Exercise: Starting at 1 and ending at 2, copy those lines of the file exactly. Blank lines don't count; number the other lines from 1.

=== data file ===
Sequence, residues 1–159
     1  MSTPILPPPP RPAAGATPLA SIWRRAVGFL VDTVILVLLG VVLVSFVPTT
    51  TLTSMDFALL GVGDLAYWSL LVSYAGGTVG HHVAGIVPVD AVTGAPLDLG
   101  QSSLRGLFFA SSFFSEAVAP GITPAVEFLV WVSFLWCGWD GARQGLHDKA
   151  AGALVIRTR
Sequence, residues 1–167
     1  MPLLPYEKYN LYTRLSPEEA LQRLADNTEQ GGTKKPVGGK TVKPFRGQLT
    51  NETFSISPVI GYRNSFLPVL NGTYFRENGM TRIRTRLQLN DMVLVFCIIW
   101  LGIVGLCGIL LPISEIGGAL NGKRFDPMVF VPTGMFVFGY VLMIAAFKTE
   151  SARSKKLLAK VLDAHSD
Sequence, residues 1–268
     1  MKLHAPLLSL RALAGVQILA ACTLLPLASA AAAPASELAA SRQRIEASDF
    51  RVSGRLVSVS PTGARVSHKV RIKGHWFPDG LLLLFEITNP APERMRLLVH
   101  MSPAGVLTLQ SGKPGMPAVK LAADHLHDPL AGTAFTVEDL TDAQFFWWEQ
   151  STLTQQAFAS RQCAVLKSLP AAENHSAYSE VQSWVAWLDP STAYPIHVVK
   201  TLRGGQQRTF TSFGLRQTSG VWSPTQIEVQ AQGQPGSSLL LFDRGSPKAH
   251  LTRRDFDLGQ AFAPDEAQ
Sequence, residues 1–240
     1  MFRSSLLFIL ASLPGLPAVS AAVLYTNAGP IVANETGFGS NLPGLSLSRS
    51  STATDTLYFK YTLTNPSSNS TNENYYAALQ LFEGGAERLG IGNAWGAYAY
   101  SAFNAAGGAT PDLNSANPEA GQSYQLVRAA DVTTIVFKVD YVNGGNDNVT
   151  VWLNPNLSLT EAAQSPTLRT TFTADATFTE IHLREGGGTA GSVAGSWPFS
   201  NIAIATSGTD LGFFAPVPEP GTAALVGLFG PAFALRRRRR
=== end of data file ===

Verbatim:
Sequence, residues 1–159
     1  MSTPILPPPP RPAAGATPLA SIWRRAVGFL VDTVILVLLG VVLVSFVPTT